Music For Piano Volume 5

Music For Piano Volume 5

“This album maintains the standard of this series, one of the most worth-while integrales in recorded history of pianist/composers. A fine recital programme.” – Peter Grahame Woolf (Musical Pointers)

CD Contents

  • Piobaireachd for solo piano (undated) [24:29]
  • Sonatina No.5 (undated) [6:07]
  • Sonatina No.6 (1946) [6:54]
  • Cameos (1926) [10:01]
  • Sonatina Ecossaise (1929 rev. 1951) [10:51]
  • Harris Dance (undated) [3:36]
  • Tango (1926) [3:04]
  • Sonata Electra (undated) [4:35]
  • Dance Bacchanal (1924) [4:42]

Murray McLachlan (piano)
Recorded 18-22 December 2006 Whiteley Hall, Chetham’s School of Music, Manchester
Divine Art Diversions DDV 24131 [74:37]

Music Web Review

I have already given a thumbnail sketch of Erik Chisholm’s life and works in my review of the first four volumes of this cycle on MusicWeb International. Furthermore there is great deal of biographical information in the Chisholm Web pages. However, three things as the kirk minister once said, are useful to bear in mind. Firstly, Erik William Chisholm is one of a group of British composers who have been unjustly neglected: he is often known as Scotland’s Forgotten Composer. Much of his music is inspired and informed by the Scottish folk-music heritage. Secondly his output of music was considerable, with a huge emphasis on the piano repertoire. And lastly, in spite of the fact of his nickname MacBartók, his music is original and quite often groundbreaking, without being novel or eccentric for its own sake... Read More... - John France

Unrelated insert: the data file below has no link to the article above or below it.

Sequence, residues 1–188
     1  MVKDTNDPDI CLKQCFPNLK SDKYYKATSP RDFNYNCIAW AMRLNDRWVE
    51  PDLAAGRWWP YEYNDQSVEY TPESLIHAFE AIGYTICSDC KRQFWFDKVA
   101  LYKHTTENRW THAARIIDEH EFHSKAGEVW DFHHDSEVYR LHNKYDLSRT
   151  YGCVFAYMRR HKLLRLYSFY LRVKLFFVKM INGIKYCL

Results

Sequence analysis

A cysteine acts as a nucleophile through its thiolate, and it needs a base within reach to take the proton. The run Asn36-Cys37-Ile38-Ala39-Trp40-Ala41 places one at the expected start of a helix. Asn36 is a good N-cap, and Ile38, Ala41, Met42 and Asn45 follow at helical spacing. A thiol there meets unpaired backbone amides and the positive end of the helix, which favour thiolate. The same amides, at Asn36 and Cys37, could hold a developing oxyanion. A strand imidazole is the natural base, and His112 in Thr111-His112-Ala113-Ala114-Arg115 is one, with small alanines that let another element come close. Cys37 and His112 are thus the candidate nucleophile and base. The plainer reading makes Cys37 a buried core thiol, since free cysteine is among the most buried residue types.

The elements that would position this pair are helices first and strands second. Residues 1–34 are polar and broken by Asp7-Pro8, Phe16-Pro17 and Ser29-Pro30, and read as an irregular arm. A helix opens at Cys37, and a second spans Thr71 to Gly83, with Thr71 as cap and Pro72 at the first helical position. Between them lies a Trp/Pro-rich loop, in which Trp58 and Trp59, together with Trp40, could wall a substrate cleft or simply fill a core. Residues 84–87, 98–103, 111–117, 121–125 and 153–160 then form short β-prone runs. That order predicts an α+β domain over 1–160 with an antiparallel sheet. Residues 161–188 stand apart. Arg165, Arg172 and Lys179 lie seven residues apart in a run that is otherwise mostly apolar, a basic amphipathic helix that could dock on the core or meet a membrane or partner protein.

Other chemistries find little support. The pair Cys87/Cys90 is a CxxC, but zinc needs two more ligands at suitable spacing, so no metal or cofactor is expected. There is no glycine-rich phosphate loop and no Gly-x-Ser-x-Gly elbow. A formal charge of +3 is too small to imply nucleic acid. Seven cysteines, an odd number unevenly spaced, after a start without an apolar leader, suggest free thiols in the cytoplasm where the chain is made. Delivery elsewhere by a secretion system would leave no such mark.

International Piano Review

Like the first four volumes of Murray McLachlan’s survey of the piano music of the Scottish composer Erik Chisholm (1904-65) – reviewed in the March/April 2009 issue of IP – this fifth installment brings uneven rewards, but the best of it is unlike anything else in music. What makes the best of Chisholm unique is his transfer of piobaireachd (pibroch), the ancient idiom of the Highland bagpipe, to the modern piano keyboard. The mixture of modality and decoration instantly sounds Celtic, but Chisholm adds the quality of individualism you’d expect from this kind of radical traditionalist – the music of his friend Bartók offers a close parallel.

Murray McLachlan goes at the music with all the enthusiasm of a dog greeting a postman, giving full-blooded accounts of the more extrovert pieces and fleshing out the thinner ones, the effect emphasised by the closeness of the recording. If ever we get the chance to compare different approaches to Chisholm, it will be thanks to McLachlan’s pioneering efforts in the first place. - Martin Anderson

FanFare Magazine 18th November 2009

Recently, in Fanfare 32:6, I reviewed the first four volumes of Divine Art’s excellent series showcasing the music of Erik Chisholm (1904–1965). There, I provided a précis of Chisholm’s activities. As I explained then, “Piobaireachd” refers to the classical music of the Highland bagpipes of Scotland. Chisholm was proud of his Scottish heritage, and parallels between his excavations and those of Bartók run deep. Read more - Colin Clarke